But understand this – no matter how deep the dogma, insistence, or language used, there is no biblical basis for a requirement to abstain from eating meat on Fridays. Indeed, even the abstinence from eating “unclean meat” position would be easier to defend from Scripture, though still destroyed by Acts 10. May each be convinced in his heart and mind. But be sure you know WHY you do it, for without a clear, biblical purpose, it becomes nothing but a vain ritual.

A Baptist Man in a Catholic Neighborhood

On the first Friday of Lent, John was outside grilling a big juicy steak on his grill. Meanwhile, all of his neighbors were eating fish for supper. This went on each Friday during Lent.

One day the last week of Lent, the neighborhood men got together and decided that something just HAD to be done about John, he was just tempting them to eat meat each Friday of Lent and they couldn’t take it anymore. They went over and talked with him and were so happy that John agreed to join his neighbors and become a Catholic.

They took him to church and the priest sprinkled some water over him and told him “You were born a Baptist, you were raised a Baptist and now you are a Catholic”. The men of the neighborhood were SO relieved, now their biggest Lent temptation was resolved.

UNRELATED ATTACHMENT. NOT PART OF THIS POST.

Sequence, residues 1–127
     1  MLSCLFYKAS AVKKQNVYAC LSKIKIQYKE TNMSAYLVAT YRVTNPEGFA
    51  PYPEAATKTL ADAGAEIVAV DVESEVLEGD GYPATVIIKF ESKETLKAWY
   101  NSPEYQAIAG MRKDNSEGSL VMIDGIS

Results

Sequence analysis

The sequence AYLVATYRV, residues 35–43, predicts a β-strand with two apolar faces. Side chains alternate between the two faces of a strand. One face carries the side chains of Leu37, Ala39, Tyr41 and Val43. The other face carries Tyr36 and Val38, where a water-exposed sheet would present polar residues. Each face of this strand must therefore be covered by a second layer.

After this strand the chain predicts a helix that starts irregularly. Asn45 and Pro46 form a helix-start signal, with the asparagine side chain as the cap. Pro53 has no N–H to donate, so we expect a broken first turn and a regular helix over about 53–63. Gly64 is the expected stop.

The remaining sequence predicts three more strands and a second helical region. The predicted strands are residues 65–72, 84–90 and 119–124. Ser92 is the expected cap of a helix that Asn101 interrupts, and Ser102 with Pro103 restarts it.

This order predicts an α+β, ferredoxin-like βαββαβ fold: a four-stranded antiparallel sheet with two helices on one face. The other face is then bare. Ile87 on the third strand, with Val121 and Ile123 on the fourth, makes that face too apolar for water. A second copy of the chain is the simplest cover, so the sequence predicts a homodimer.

That Friday rolled around and just at supper time when the neighborhood was setting down to their fish dinners came the wafting smell of steak cooking on a grill. The neighborhood men could not believe their noses! What was going on??? They called each other up and decided to meet over in John’s yard to see if he had forgotten it was a Friday in Lent.

The group arrived just in time to see John standing over his grill with a small pitcher of water. He was pouring small droplets over his steak on the grill and saying, “You were born a cow, you were raised a cow, and now you are a fish.”